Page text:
Gateway's most popular local government data

Rachel Strange

With an ever-growing amount of information on Gateway, researchers and citizens alike have a steady stream of data to explore about Indiana’s local governments.

Back in 2011, Indiana Gateway for Government Units (“Gateway”) was launched to enable local governments  to submit tax and finance data to certain state agencies online. These data are immediately available for review by those agencies and are then accessible online for the public. Shortly after its debut, it was said that “the public access side of Gateway provides transparency to local government data in Indiana in a way that has never before been easily available.”1

Over the years, Gateway ( has continued to expand and incorporate more and more data, as well as additional agency participants. The platform was originally built and launched by the Indiana Business Research Center in conjunction with the Department of Local Government Finance. The State Board of Accounts joined the partnership soon thereafter, and Gateway has since grown to include the Indiana Education Employment Relations Board, the Indiana Gaming Commission and the State Auditor. 

Public access

The Report Search allows citizens to access everything from local budgets to conflict of interest disclosures to fund balances for local school district extracurricular accounts (yes, you really can find out how much money the middle school’s chess club or the high school athletic department had in their bank accounts). Indeed, the amount of data in Gateway is immense. This article provides only a brief overview of some of the most popular data sets and also highlights a couple of new tools. We encourage you to go to the site and see these for yourself.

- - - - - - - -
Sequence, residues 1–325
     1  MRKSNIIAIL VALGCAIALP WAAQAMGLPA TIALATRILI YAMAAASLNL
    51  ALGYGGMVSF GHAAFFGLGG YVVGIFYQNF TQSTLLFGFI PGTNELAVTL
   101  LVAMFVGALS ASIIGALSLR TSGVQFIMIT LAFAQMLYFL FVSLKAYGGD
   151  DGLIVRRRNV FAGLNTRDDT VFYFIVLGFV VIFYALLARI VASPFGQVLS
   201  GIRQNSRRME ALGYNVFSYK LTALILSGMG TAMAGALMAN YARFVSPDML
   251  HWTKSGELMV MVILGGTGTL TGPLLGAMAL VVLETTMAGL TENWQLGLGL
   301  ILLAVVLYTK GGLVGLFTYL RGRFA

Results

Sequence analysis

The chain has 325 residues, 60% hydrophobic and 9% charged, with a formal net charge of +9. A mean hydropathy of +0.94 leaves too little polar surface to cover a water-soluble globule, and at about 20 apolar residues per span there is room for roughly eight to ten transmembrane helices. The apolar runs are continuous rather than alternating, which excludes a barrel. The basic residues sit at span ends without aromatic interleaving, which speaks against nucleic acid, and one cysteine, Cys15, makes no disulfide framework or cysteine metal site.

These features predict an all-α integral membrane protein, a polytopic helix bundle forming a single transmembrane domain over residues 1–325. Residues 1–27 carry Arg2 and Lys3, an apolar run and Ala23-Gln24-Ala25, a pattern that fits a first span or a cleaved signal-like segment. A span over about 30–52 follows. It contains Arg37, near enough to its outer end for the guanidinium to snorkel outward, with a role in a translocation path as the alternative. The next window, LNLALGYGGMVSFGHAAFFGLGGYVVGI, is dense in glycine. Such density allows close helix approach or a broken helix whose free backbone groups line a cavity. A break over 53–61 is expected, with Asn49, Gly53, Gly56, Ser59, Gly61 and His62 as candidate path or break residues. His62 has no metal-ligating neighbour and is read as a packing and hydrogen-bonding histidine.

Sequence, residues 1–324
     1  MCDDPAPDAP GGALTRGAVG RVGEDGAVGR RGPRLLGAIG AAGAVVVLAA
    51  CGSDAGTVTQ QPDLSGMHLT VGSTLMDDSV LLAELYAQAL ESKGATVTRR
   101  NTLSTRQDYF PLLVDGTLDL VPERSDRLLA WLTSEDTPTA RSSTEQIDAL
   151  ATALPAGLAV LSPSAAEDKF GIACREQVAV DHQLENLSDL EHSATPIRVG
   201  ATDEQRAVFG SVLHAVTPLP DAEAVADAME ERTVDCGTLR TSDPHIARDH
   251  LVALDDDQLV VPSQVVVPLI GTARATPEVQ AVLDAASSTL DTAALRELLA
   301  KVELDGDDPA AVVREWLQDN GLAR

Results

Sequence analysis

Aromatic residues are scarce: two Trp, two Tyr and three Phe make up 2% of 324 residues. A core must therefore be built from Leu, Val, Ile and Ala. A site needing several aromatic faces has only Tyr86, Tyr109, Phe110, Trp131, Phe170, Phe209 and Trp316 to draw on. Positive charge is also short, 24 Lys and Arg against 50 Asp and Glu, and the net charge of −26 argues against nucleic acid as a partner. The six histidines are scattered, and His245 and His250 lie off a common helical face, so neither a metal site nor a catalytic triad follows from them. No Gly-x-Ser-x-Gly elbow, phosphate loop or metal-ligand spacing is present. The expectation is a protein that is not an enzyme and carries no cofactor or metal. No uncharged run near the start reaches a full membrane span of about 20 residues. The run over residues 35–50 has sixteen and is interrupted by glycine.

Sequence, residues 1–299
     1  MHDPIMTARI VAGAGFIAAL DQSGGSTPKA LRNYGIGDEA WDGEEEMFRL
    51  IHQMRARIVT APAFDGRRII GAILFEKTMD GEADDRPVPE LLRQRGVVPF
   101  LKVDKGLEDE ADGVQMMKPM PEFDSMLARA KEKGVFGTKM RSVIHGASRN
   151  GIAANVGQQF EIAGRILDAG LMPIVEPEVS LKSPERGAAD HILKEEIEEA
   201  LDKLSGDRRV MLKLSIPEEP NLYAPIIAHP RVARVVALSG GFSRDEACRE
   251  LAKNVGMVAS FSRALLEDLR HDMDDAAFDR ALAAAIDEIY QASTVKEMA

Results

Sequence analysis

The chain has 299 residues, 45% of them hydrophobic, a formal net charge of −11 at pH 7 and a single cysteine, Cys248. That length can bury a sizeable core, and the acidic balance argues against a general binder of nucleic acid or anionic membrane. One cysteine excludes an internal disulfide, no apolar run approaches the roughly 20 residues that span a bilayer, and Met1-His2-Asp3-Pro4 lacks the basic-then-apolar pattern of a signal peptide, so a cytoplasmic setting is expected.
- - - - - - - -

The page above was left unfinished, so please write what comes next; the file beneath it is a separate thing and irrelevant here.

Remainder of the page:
• Employee Compensation:  State laws mandating the collection of public employee compensation data have been on the books since 1943. These data, which are submitted to the State Board of Accounts each year, have been part of Gateway since 2012 and quickly became the most popular data accessed in terms of page views.

  • Local Tax + Finance Dashboard: This dashboard provides a top-level overview of a local government’s finances—including taxes, budgets, employment levels, compensation and debt amounts. Users can view change over time, compare a variety of government units or download time series data. One particularly handy thing about this tool is that it includes definitions and descriptions for those not well-versed in government finance lingo (appropriation vs. disbursement, anyone?).

  • Bond/Lease Report: Local governments are required to report debt through Gateway to the Department of Local Government Finance no later than one month after the debt is incurred and must verify the accuracy of all debt information each spring. The bond/lease report provides all of the details regarding a specific debt’s purpose, its source of repayment, the full amortization schedule and much more. It is just one component of the Debt Management section of the site, which can be used to explore debts by unit more broadly. Figure 1 allows exploration of just some of the data from the debt management tool.

Figure 1: County-level debt as of December 31, 2018

Source:  Indiana Gateway for Government Units